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This question already has an answer here:

I asked my teacher what is the real meaning of $\cfrac{0}{0}$, and the answer I got was "nobody knows". I can't leave this subject "as is". I need a decent explanation, at least an explanation to why "nobody knows". I'm sure you'll come up with a few good answers.

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marked as duplicate by Alexander Gruber Jan 12 '15 at 4:05

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I really hope your calculus teacher didn't say "nobody knows": $\frac{0}{0}$ is pretty well understood. It's just that it's undefined (without further context).

What I mean by "context" is: it's possible to give meaning to limits of the form $$\lim_{x \to a} \frac{f(x)}{g(x)}$$ where $\lim_{x \to a}f(x) = 0$ and $\lim_{x \to a} g(x) = 0$, but this depends on your choice of $f$ and $g$. For instance $$\lim_{x \to 0} \dfrac{\sin x}{x} = 1, \qquad \lim_{x \to 0} \dfrac{e^{kx}-1}{x} = k, \quad \lim_{x \to 0} \dfrac{x}{x^3} = \infty, \quad \cdots$$ These are all different, despite the fact they're all of the form $\frac{0}{0}$.

So it's not that nobody knows, it's just that it's meaningless! But we can assign meaning if we know how the $0$s in the fraction came to be.

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    $\begingroup$ They're only "of the form $0/0$" if we pretend that the limit of the quotient is the quotient of the limits, which it isn't. $\endgroup$ – Trevor Wilson Oct 15 '13 at 20:46
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    $\begingroup$ @TrevorWilson: Hence "of the form" rather than "equal to". I think this language usage is standard, cf. http://en.wikipedia.org/wiki/Indeterminate_form. $\endgroup$ – Clive Newstead Oct 15 '13 at 20:47
  • $\begingroup$ I didn't mean to pick on you, because as you say the language is standard, but in my opinion this standard language is almost as silly as the teacher's saying "nobody knows." I tried to express this idea better in my answer. $\endgroup$ – Trevor Wilson Oct 15 '13 at 20:58
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The expression $0/0$ is meaningless because the operation of division $(a,b) \mapsto a/b$ is not defined for pairs $(a,b)$ where $b$ is zero, just as it is not defined for pairs $(a,b)$ where $b$ is an elephant.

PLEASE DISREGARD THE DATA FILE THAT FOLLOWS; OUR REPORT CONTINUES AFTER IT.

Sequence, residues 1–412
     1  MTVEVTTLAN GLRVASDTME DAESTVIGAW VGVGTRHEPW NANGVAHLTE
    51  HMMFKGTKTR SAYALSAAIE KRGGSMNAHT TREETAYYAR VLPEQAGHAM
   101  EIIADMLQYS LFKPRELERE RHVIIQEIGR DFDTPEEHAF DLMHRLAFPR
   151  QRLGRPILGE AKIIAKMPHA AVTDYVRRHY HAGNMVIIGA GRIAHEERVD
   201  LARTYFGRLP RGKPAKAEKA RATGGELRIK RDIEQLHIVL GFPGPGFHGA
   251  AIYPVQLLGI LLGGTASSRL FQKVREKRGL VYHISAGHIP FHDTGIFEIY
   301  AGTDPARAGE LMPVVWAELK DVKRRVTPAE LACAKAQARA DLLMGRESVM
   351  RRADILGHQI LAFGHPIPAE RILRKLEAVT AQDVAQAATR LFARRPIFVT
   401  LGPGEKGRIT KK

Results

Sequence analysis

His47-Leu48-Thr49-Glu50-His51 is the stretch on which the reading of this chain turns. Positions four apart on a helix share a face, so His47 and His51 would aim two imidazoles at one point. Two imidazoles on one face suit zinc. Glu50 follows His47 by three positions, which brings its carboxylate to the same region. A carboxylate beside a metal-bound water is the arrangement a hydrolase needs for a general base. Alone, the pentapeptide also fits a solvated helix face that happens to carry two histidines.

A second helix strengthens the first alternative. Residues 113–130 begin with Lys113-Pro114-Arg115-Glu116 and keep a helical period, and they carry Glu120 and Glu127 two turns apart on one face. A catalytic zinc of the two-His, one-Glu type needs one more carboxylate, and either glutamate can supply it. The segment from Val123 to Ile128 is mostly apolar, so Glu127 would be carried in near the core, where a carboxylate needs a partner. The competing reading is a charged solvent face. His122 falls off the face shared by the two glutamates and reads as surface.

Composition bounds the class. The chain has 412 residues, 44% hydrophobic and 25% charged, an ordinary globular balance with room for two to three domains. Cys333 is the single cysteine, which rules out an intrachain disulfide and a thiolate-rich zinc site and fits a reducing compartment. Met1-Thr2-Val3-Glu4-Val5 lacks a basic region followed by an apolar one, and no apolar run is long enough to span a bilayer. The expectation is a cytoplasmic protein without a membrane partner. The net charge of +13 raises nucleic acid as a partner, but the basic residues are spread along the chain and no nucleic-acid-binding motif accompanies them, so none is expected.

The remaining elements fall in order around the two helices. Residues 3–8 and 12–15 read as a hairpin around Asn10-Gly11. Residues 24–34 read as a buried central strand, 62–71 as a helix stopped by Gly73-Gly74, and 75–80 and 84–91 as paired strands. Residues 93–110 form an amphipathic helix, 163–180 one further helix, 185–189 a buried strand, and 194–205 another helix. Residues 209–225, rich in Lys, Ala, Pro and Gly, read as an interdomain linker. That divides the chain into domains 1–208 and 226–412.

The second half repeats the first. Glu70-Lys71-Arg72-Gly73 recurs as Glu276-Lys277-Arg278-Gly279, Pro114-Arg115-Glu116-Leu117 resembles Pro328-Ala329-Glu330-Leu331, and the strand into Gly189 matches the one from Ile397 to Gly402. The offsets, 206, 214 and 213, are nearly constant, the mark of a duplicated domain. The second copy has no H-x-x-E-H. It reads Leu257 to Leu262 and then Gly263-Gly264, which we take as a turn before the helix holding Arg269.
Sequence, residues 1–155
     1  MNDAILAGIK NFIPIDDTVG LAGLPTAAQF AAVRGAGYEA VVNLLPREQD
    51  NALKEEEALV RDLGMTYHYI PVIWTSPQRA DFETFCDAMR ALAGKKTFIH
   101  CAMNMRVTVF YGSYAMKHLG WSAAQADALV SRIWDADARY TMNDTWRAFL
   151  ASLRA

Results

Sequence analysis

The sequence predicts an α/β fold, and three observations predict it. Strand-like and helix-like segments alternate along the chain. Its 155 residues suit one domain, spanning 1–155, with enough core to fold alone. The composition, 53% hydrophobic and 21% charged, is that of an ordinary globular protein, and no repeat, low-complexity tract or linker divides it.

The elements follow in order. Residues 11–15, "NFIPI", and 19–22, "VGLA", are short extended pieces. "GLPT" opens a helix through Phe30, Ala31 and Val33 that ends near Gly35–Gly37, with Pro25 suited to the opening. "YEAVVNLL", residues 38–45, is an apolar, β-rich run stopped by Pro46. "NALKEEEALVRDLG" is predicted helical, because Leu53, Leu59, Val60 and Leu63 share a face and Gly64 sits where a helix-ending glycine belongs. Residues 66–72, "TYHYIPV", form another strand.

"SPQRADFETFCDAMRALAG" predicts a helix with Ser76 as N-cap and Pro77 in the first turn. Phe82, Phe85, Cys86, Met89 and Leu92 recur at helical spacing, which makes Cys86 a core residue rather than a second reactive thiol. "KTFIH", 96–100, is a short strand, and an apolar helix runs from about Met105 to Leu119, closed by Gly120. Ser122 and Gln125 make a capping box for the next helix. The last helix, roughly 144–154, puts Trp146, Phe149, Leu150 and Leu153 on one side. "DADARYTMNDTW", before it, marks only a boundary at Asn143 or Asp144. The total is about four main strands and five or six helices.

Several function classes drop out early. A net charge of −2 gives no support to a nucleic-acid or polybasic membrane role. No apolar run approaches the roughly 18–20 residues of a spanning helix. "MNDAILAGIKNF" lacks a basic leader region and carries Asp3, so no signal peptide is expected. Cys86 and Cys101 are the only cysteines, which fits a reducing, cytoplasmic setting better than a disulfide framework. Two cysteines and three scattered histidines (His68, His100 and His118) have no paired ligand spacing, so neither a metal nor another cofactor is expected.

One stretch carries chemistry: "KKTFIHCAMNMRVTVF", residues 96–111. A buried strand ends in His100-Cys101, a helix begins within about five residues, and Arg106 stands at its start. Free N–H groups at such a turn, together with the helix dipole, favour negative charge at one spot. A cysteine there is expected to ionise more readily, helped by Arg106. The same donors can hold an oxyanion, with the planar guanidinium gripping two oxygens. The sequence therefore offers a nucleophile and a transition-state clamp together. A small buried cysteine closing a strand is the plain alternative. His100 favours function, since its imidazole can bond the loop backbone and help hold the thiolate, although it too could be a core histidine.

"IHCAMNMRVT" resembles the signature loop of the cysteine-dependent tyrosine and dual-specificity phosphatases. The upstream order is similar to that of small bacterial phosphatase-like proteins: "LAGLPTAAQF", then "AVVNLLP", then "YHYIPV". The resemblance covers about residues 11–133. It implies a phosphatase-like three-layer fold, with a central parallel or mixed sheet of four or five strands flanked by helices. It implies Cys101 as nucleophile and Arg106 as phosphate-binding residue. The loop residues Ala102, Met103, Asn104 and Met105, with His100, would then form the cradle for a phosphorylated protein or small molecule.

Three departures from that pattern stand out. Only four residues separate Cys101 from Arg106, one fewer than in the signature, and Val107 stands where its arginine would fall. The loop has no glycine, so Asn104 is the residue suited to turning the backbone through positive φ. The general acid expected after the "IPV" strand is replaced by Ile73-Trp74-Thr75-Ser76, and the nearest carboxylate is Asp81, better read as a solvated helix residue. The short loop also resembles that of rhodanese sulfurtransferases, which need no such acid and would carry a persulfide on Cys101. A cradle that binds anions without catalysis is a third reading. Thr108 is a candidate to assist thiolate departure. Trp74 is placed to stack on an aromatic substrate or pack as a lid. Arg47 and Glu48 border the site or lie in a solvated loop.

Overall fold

Sometimes you will hear that $0/0$ is an "indeterminate form" that can equal different things depending on the context. This is a horribly imprecise way of speaking. What it really means is that if you are evaluating a limit and you do the computation

$$\lim_{x \to 0} \frac{f(x)}{g(x)} = \frac{\lim_{x \to 0} f(x)}{\lim_{x \to 0} g(x)} = \frac{0}{0}$$

Then you have made a mistake in the first step and you have to evaluate the limit in a different way, e.g. with l'Hospital's rule, to get a valid answer (which could be anything depending on the particulars of the problem, hence "indeterminate.") This reason that the first step in the displayed calculation is a mistake is that the rule "the limit of a quotient is the quotient of the limits" is not true in general—it is only true when the limit of the denominator is nonzero.

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Math is logic.

$12/3=4$ because if you have twelve oranges and three kids, each gets four.

However, dividing by zero is illogical; what does it mean? It is no longer a math question, but a philosophical one.

Everything you do in math needs to make sense!

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  • $\begingroup$ Exactly. So when I divide nothing to no one (as giving no-apples to nobody) is like I'm doing something (or nothing) infinitely. And as much as it doesn't make any sense, it kinda sounds like something that happens all the time. $\endgroup$ – yonyon100 Oct 15 '13 at 20:50
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    $\begingroup$ I resent the implication that philosophy is not logical. $\endgroup$ – leonbloy Oct 15 '13 at 20:59
  • $\begingroup$ Correction: math is applied logic, in the same way physics is applied math, chemistry is applied physics, biology is applied chemistry...it goes on forever..! $\endgroup$ – zerosofthezeta Oct 15 '13 at 21:07
  • $\begingroup$ Some infinities being larger than others also doesn't make sense, yet is accepted as math. $\endgroup$ – Kaz Oct 16 '13 at 0:38
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    $\begingroup$ Does taking the square root of $-1$ make sense in terms of oranges? $\endgroup$ – Trevor Wilson Oct 16 '13 at 6:00
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Well, if $0/0$ is well-defined then it should play nicely with our definition of division. Specifically, $a/b = c$ if $a = cb$. So there's gotta be some c such that $0c = 0$. Let's try 1. $0\cdot 1 = 0$, so $0/0 = 1$.

Not too bad. Now let's try two. $0\cdot 2 = 0$, so $0/0 = 2$. Since equality is transitive, $1=2$.

Aaaaaand we just broke math. We resolve this by saying that $0/0$ is not defined, which keeps everything running nicely with a minimum of fuss.

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